The Dark Side of Eddie Jones

1 November 2018  |  Rich M

Talented people sometimes fail. The fields of politics, business, the military and sport, are soaked in stories of great individuals who have met an undignified end. Eddie Jones’s infamous and demanding working habits have brought success; but they might bring a fall. We explore the Dark Side of Eddie Jones.

In the field of psychology, Bob Hogan termed the phrase The Bright & Dark Side of personality. The bright side is strengths. The dark side is those same strengths, overplayed (and hence, a weakness).

A straightforward example is someone who is passionate on a good day, but is emotionally volatile on a bad one. A quality that is attractive initially, but after a while becomes tiresome and annoying. The concept of strengths also being weaknesses is not new. Pick a field of human competition and examples of dark side disasters emerge (see table at bottom). Is Eddie Jones’s strength turning into his weakness?

Eddie Jones experienced unprecedented success initially. However, since the record-breaking run,  the ship has started to take on water. His turnover of staff is a close second to President Trump. For any high-performing team to gel, there needs to be cohesion. Cohesion is hard to achieve when staff are given temporary contracts and are regularly replaced.

Eddie’s bright side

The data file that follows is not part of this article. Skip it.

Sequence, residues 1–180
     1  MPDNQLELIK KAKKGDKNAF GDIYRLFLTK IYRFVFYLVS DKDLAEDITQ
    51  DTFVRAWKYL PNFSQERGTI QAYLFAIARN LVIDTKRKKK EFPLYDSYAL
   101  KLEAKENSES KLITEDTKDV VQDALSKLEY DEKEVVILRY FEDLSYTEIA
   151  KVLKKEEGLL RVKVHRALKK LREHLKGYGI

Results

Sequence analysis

• Take no prisoners – His insomnia emails, exacting standards and drive for perfection set the tone for the England camp in 2016. He was intolerant of violations of squad rules and never showed any satisfaction with performance.
  • On their toes – Players and coaching staff alike were never allowed to feel comfortable. Players – such as Haskell – fell in and out of Camp. Coaches 
    such as Ella – were all on temporary contracts. Avoiding complacency is a distinctive characteristic of the England coach.
  • Media friends – He loves a good media scrum. The media loves him too. He was masterful at distraction: always giving the media something juicy to gorge on that was very little to do with his players – and in doing so, relieved pressure on them.

Eddie’s dark side

  • Overworked, under appreciated – This style can grate on support staff and coaches – quickly. In the same vein as Entrepreneurs, Jones seems to be rarely satisfied with others’ efforts and seldom praises. This affects morale, especially when results don’t go your way.
  • Loyal follower-ship – Being mercurial can breed insecurity amongst the ranks. Being kept on your toes is a good thing, but too much of it is exhausting and surely affects loyalty – possibly an explanation for Gustard’s exit.
  • Media foes – Cheerleaders when the weather was good quickly start scrutinising when the seas turn rough. Chris Jones can attest to catching the sharp end of Eddie’s tongue when things didn’t go well. It certainly feels like the media are circling him now.


In Tim Irwin’s excellent book on career disasters he says that powerful leaders, over time, become truth-starved. Particularly if the leader is authoritarian. People around them stop challenging them and speaking truth to power. They know it’s futile.

Jones has been successful by being contrarian and driving standards. It follows that the more success you gain from using a particular strategy, the more you use it. Who among us is immune to reusing successful strategies? Eddie Jones is a man of innumerable talents and bright sides. And, every Englishman (including me) is praying for good news. We are about to find out if the dark side is going to claim another victim.

A question of hubris (table):